good monitor is always a great thing to have. And these days, we really are spoiled for choice when it comes to top notch, flat screens that deliver crisp, clear graphics. But as out entertainment and work needs become more complex, picking the right viewing device can be really rather tricky. This is especially true when you consider that the market is full of great monitors and TVs. The decision that needs to be made is one that cannot truly be affected by performance... not when performance is becoming so uniformly excellent. Rather, other, slightly more obscure ideas, like versatility and aesthetics, need to be taken into account. The most obvious consideration is size and, if you have the luxury of a large space for your monitor, the LG Flatron E2770 is a great option. Even if you don’t have the space, this monitor is large enough to warrant a wall mounting option. In fact, this device feels more like a small TV rather than a large monitor, even though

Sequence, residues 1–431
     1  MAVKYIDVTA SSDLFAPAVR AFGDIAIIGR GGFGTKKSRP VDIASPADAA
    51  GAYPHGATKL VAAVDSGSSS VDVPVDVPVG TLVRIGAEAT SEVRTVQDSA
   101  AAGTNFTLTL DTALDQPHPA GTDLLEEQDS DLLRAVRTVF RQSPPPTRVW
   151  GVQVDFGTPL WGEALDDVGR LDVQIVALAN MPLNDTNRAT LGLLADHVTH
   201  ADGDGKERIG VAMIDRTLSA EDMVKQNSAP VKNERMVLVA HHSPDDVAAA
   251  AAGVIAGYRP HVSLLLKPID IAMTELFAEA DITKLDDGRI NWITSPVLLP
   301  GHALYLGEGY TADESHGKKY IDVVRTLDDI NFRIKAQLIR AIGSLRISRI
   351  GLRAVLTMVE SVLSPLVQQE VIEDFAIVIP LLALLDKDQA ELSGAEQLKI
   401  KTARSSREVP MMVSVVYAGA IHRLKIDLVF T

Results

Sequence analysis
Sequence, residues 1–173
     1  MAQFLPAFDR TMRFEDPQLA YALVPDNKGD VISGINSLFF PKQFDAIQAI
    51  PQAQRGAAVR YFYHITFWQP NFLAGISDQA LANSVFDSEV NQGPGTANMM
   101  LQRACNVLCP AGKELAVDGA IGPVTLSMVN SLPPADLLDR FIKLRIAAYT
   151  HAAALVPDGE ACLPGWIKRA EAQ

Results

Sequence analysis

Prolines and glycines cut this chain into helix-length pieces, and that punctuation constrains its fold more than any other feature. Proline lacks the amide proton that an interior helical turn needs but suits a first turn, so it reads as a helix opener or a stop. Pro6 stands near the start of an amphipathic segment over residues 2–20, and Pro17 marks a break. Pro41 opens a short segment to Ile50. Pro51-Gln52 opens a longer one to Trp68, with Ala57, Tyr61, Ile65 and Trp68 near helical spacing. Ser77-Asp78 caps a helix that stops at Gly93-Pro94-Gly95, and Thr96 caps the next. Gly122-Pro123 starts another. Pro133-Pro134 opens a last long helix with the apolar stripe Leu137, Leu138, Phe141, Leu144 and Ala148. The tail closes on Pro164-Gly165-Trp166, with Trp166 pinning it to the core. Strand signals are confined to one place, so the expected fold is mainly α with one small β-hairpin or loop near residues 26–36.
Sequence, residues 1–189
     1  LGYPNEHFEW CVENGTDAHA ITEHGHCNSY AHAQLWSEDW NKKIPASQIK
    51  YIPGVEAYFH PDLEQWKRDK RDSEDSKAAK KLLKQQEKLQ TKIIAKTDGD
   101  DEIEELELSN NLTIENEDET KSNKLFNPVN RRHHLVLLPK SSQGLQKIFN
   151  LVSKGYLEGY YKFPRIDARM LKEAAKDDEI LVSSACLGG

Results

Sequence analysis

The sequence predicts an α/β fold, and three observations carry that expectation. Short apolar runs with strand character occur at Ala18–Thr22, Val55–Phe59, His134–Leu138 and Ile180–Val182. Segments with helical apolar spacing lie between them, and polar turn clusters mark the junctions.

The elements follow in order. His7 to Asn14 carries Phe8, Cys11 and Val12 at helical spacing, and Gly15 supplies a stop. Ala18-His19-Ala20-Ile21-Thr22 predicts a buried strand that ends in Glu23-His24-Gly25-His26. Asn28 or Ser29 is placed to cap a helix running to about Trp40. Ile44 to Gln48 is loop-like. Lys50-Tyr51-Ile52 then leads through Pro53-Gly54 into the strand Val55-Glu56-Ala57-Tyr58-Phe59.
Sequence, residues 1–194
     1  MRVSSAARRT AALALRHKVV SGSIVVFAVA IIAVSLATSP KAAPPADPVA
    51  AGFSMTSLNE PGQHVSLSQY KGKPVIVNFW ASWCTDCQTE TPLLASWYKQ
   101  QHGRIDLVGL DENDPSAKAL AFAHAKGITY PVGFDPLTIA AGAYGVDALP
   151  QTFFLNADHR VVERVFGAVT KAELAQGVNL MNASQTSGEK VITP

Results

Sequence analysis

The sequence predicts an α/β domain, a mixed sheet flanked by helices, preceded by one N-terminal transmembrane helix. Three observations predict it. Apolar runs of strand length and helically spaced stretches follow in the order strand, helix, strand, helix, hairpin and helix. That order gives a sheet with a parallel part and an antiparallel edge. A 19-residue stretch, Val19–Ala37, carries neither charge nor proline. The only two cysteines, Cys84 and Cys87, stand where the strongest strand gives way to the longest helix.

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its 27 inch screen looks great when hooked up to a gaming console. The fact that it even comes with a small, hot key remote further reinforces the idea. But it doesn’t have a TV tuner built in, and its general functions are that of a monitor, first and foremost. In the design of this beautifully large and very good monitor, LG moved away from some of their fancier ideas. The column that connects it to the base is simple and black, and allows for a rather wide degree of tilt. The base, too, is fairly nondescript. The screen edging has been finished to look like black brushed metal (even though it is plastic) and the expected touch sensitive controls that LG made use of in many of their monitor products are nowhere to be found here. Rather, this monitor makes use of a number of discrete multifunctional buttons built into the base of the panel housing... more low tech, but certainly much more reliable. When it comes to versatility, this device is great. It features DVI and VGA inputs, as any PC monitor should. g a m e c c a h a r d wa r e • i s s u e 3 1 • J a n u a r y 2 0 1 2